This tutorial will cover the installation and configuration of the NTP daemon in ArchLinux.
Step 1: Install NTP daemon
To install the NTP daemon, fire up the terminal and enter the following command:
This will install the NTP package on your system, which will assume function in client mode.
Step 2: Connect to NTP server
There are hierarchal layers to NTP servers. Each layer is called a strata. The first stratum, called starum 0, consists of sources that are time-independent. The next layer, stratum 1, consists of servers directly linked to stratum 0. The next layer, stratum 2, consists of sources connected to stratum 1, and the hierarchy continues in a similar fashion.
Stratum 2 servers are used for web-server time synchronization. The NTP project pool provides a list of these, which you can access here: http://www.pool.ntp.org/
You will want to choose the nearest to where your machine is situated, with the iburst option.
Step 3: Set Up NTP server
First, enable the orphan mode before setting up an NTP server on your system. To enable the orphan mode, issue the following command:
You will now set up the parameters to restrict client access for users looking to connect to your server. Suppose you want to restrict users to only read the contents on your server and keep user queries for the server’s time status at bay. To do so, you would run the following command:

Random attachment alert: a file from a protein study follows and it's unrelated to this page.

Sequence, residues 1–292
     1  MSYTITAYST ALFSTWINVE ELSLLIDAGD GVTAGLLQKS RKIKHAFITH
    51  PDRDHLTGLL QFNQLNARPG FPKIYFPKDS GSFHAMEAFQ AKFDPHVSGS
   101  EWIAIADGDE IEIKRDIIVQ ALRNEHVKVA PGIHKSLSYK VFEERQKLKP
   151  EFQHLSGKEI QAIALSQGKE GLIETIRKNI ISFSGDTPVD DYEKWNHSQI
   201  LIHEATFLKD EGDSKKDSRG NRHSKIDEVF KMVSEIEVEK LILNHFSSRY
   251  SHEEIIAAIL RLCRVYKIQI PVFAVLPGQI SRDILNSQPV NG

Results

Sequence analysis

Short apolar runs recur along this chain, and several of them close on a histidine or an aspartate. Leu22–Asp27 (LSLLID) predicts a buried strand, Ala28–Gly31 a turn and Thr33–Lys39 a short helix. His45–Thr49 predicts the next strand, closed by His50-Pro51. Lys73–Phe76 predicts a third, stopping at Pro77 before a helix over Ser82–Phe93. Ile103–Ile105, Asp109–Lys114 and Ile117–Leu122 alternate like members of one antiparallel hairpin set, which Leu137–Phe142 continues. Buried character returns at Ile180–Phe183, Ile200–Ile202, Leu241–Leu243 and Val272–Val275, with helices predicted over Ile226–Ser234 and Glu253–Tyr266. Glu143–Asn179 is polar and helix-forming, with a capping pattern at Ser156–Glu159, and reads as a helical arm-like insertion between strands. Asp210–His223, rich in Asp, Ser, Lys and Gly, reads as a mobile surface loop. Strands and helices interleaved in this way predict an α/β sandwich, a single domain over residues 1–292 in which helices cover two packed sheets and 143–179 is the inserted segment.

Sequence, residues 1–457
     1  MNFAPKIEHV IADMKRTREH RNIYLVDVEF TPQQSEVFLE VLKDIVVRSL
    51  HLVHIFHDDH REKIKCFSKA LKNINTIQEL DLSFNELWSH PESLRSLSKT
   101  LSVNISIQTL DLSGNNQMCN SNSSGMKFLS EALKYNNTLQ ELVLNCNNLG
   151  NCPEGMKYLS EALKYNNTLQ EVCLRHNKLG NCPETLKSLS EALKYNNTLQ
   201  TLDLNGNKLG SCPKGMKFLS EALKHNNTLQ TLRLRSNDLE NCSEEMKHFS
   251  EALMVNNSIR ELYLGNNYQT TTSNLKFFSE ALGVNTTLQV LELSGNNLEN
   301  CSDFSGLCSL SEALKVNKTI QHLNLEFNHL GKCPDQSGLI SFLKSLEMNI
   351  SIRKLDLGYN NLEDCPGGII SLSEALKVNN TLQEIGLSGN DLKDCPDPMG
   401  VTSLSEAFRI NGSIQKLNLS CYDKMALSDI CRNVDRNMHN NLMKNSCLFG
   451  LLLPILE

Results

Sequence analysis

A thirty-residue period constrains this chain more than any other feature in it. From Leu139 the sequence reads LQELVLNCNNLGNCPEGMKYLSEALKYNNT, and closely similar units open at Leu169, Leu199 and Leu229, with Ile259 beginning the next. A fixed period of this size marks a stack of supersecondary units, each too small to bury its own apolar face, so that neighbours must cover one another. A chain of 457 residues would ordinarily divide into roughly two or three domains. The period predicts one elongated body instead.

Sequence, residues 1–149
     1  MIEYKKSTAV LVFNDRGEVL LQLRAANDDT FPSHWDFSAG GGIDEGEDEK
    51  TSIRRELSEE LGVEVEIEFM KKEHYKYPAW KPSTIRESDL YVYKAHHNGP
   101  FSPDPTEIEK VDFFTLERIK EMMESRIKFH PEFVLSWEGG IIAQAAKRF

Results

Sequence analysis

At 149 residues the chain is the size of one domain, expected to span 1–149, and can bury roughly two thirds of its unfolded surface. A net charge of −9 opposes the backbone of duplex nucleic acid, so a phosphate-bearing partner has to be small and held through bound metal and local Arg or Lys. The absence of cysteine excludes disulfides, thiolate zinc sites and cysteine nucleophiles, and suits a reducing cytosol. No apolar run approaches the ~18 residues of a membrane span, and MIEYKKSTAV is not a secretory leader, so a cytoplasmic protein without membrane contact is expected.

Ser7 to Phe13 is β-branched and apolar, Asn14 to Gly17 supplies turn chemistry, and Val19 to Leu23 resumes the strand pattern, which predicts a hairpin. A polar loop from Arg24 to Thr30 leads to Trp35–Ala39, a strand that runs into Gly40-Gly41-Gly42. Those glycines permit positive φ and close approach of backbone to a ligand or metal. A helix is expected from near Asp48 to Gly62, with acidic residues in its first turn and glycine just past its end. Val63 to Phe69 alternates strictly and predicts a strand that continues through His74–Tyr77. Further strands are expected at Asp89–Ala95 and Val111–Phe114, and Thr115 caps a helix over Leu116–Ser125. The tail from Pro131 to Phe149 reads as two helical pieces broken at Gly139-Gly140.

$ restrict default nomodify nopeer noquery
To get detailed info on these parameters, check out the following link: https://jlk.fjfi.cvut.cz/arch/manpages/man/ntp.conf.5
Step 4: Use NTP Server
To use the NTP server, first, load the NTP package from the console with the -u option:
Alternatively, you can use the -g option to boot the NTP server, which disables the panic-gate:
The panic-gate is a threshold that mitigates the effects of time-jumps if the server time is being synchronized for the first time with an NTP server.
To start the NTP daemon upon system reboot, use the ntpd.service:
$ sudo systemctl start ntpd.service
To view the synchronization status, enter the following:
After issuing the above command, you should also be shown a list of ntp servers. Some of these servers will have an asterisk before their name. These are the servers that are syncing with ntpd. Typically, it takes around 15-20 minutes for ntpd to select a server to sync with.
If you are not running a server, you may also sync the time once per boot using the ntpdate.service
In this tutorial, we showed you how to set up an NTP server on your ArchLinux system. Hopefully, you found these instructions simple and easy to follow.